No Required Text, Recommended The Animator's Survival Kit ... Required Text, Recommended The Animator's Survival Kit by Richard Williams Course Prerequisites Prereq. DGM 6105.

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  • Northeastern University Online College of Professional Studies

    Course Syllabus

    DGM 6450: Animation Basics Winter 2018 CPS Quarter January 8th - March 28th Meeting Time: Monday 7:50 - 9:50

    Instructor Name: Daniel Willey E-mail: dwilley@northeastern.eduPhone Number: 617-281-1895 Hours M-F 815pm - 10:30pm

    Required Text(s)/Software/Tools:No Required Text, Recommended The Animator's Survival Kit by Richard Williams

    Course Prerequisites Prereq. DGM 6105.

    Course DescriptionExplores the creative potential of animation. Exposes students to animation processes and techniques through lectures, demonstrations, and hands-on assignments. Provides a historical survey of animation art. Emphasizes using the computer to creatively develop concepts while learning the fundamental skills of constructing images and forms. Students collaborate on projects during the first half of the course and work individually on final projects.

    Course Outcomes

    In this course students will have the opportunity to: Create short animations that illustrate a specific theme or idea. Demonstrate their ability to animate, utilizing Mays Keyframing techniques. Understand the workflow for 3D animation software.

    Course MethodologyEach week, you will be expected to:

    1. Review the week's learning objectives.2. Complete all assigned readings.3. Complete all lecture materials for the week.4. Participate in the Discussion Board.5. Complete and submit all assignments and tests by the due dates.

    Participation/Discussion Board




    CRN 20023

  • The discussion board may be utilized throughout the duration of this class. The primary mode of Discussion and Participation will be during class hours. Please be prepared to share your ideas, critiques and tool tips when necessary.

    Communication/Submission of Work All Assignments should be submitted electronically via a Google Drive link, Please change the share settings to anyone with link. If you have any privacy/security issues with using Google please let me know and I will accommodate you. Grading/Evaluation Standards Each week students are expected to upload work. Assignments must be rendered as Quicktime files and uploaded via Google drive. Assessment Projects - 60% Participation - 20% Final Project - 20% Project Grading (Guidelines)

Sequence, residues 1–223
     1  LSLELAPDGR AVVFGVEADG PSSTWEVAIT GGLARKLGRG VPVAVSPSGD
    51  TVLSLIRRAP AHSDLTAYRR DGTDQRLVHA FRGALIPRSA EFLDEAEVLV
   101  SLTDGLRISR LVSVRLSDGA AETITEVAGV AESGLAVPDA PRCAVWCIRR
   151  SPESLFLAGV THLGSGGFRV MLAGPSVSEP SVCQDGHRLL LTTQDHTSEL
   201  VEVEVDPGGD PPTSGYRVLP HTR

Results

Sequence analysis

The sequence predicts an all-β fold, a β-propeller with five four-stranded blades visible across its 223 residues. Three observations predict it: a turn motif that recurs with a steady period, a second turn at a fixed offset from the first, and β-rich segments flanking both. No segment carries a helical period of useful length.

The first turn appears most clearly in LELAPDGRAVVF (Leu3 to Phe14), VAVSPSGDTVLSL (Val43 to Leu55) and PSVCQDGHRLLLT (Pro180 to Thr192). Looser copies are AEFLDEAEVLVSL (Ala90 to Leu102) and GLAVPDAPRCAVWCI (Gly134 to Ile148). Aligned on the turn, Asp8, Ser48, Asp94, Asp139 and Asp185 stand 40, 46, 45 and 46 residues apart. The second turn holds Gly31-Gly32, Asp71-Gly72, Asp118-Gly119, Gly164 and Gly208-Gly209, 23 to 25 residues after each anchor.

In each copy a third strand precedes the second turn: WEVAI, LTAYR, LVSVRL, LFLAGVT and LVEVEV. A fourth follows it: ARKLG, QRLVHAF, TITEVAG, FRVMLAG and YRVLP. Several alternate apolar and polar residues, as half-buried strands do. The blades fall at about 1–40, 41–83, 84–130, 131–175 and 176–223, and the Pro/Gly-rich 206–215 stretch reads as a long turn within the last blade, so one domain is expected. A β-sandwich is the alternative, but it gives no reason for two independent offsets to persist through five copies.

- Execution (40 points) - Assignment Rendered and turned in. - Demonstration of covered techniques. - Proper compression and clean sound effects.

    - Story and Theme (30 points) - Clear execution of ideas. - Thematic thread throughout. - Solid Resolution.

    - Aesthetics (20 points) - Quality Illustrations or Photos. - Consistency in color and texture. - Use of original assets.

    - Experimentation (10 points) - Going beyond the assignment. - Exploring different tools. - Blending techniques.


    - Attendance (75 points) - Attend Every Class - Participation during Critiques




  • - Providing quality constructive feedback. - Notes (5 points)

    - Take Notes/Share Notes. - Keep a sketchbook for ideas.

    - Concepts - Demonstrate Key Concepts outlined in the lecture. - Collaborate with your classmates to solve problems. - Participate in in-class exercises.

    Grading Rubric

    95-100 A Deadlines are met each week, student reaches out for feedback throughout the week. Work exceeds expectations and goes beyond the scope of the assignment.

    90-94 A- Deadlines are met each week, student reaches out for feedback throughout the week. Work is skillfully executed and tools and techniques are fully demonstrated.

    87-89 B+ Deadlines are met, work demonstrates craftsmanship, Some technical and aesthetic issues that were not resolved.

    84-86 B Most Deadlines and milestones met. Projects are somewhat crudely executed and lacks experimentation.

    80-83 B- Missing homework assignments. Executes the projects but lacks a lot of polish. Understands most of the concepts and tools but does not demonstrate all of them.